Quality, Vehicle Affordability Top of Mind for Ford, Dealers

May 10, 2023
Tin Hovik Click to Enlarge

Quality and vehicle affordability are key factors driving customer satisfaction and loyalty, according to Ford National Dealer Council Chairman Tim Hovik, who spoke recently at a meeting of Ford Retired Engineering Executives (FREE). 

Quality is a priority, and Hovik said he’s seeing a marked shift in the right direction at Ford. 

I’ve never seen the commitment to quality that’s transformed the company over the last 12 months – especially over the last six months and even in the last 90 days. The path that Ford is on and the mindset change has been remarkable to me.
Tim Hovik

The challenging part, said Hovik – owner of San Tan Ford in Arizona – is helping fellow dealers understand that moving the needle on quality takes patience and time.

“The Super Duty launch is a perfect example.  It’s an amazing vehicle.  And while it wasn’t the greatest financial move for dealers or the company to delay the launch, it was the absolute best decision to hold it for a short period,” said Hovik, referring to last quarter when the Super Duty team slowed the launch process to increase testing on the road and in the plant in a push to find and catch possible quality issues early – before vehicles reach customers.

“It showed a commitment to saying, this is going to pay incredible dividends, but we have to make sure we get it right before we get there,” he said. 

Hovik described the current Ford lineup as “second to none,” pointing to popular vehicles like Bronco, Maverick, Super Duty, and Transit.  The challenge, he said, is with affordability.

“Affordability comes down to people's budgets and people's payments, and these things are astronomical. That's a concern. And it’s not just Ford.  It’s an industry concern,” he said.  “One out of every five customers at my store that buys a new Ford walks out with a payment that is over $1,000.”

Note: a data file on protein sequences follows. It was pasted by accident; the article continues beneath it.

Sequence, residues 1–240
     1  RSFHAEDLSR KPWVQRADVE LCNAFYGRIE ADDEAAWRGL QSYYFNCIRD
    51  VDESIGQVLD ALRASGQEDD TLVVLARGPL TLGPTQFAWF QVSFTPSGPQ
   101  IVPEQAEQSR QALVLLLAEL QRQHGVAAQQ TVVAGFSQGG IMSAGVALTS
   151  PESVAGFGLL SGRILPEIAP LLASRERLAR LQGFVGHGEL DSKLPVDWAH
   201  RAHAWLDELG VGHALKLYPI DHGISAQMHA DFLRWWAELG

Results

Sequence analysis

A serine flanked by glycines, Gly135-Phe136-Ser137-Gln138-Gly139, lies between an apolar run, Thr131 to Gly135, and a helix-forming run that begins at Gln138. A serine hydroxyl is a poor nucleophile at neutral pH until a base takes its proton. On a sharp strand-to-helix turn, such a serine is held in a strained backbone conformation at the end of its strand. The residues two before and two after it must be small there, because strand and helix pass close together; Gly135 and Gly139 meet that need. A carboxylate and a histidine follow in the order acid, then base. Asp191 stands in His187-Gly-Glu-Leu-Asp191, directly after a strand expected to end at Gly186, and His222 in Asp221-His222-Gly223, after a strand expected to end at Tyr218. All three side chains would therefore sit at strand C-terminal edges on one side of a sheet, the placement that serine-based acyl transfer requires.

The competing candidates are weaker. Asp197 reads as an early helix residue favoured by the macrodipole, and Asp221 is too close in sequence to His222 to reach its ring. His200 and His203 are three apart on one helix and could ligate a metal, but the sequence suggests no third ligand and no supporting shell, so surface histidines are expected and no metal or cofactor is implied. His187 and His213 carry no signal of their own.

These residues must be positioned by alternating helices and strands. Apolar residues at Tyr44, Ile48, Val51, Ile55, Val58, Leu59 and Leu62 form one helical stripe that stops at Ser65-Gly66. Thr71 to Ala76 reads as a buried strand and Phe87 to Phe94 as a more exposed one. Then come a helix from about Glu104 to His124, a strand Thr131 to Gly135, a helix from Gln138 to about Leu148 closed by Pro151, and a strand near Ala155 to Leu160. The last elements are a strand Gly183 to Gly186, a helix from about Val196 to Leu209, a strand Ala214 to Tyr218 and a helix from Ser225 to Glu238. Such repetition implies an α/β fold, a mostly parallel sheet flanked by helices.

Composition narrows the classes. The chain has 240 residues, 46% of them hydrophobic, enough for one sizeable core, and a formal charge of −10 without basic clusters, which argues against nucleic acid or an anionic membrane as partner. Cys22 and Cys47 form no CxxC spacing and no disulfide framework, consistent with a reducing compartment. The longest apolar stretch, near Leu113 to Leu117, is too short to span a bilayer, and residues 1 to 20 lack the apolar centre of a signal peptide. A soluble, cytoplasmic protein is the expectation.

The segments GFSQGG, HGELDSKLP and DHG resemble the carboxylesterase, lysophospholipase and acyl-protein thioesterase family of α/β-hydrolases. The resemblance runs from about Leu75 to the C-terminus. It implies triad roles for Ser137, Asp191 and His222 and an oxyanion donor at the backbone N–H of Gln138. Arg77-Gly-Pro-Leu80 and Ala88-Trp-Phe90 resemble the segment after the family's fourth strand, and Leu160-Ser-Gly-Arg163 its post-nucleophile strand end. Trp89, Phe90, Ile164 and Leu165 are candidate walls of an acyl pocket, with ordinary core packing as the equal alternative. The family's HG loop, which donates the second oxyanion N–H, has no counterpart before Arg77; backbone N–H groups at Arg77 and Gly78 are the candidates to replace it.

Hovik said the Dealer Council is working with Ford and Ford Credit to come up with new financing solutions for customers. 

“What opportunities are there in leasing?  What opportunities are there in extended payments? And so on and so forth,” he said.  “Our product desirability is off the charts, but as an industry, we’re selling people vehicles with house payments, and it’s concerning to everybody in the industry.” 

Hovik also talked about the traditional dealership model relative to Tesla, which sells directly to customers.  He acknowledged that Tesla has been a great disruptor in the automotive industry. But he pointed out that while their customer satisfaction scores may be high at the point of purchase, customers are not so pleased three years into ownership. 

“For anybody that owns one, what do you do when something goes wrong?  You don’t go down to the local dealership to fix it,” he said.  “They’ve had all sorts of recalls.  When’s their van going to show up and fix them?  Six months from now?”

Hovik said he believes it’s not a question of when automakers like Ford will transition to Tesla’s model of selling directly to customers but the other way around. 

“I wonder how long it is until Tesla has franchises or dealerships or rooftops because you can't operate and sell vehicles to consumers without being able to take care of them once they own them,” he said. “And by the way, Tesla is no different than we are. It's the whole industry. They're selling the vehicle for $60,000 to $80,000. If it broke, I’d want to be able to get it fixed. It’s a challenge.”

Hovik, who was in town for a dealer council meeting, said dealers and Jim Farley share a strong commitment to the providing customers with a best-in-class experience.   

We are the future. We're the distribution network. And with us, Ford is going to take care of customers at a level that this industry has never seen.
Tim Hovik

Providing customers with mobile service will play a big role in dealers’ plans.  

“It's a brand differentiator,” he said.  “We could flash and fix 69% of issues in less than 30 minutes, and customers never have to be inconvenienced.  It’s the old story. If a guy’s happy, he’ll probably come back and see you.  If he’s unhappy but you fix it and now he’s happy, he’s yours. He’s always going to come back and see you because you’ve fixed a major headache. Nobody else can deliver this on the scale that we can.”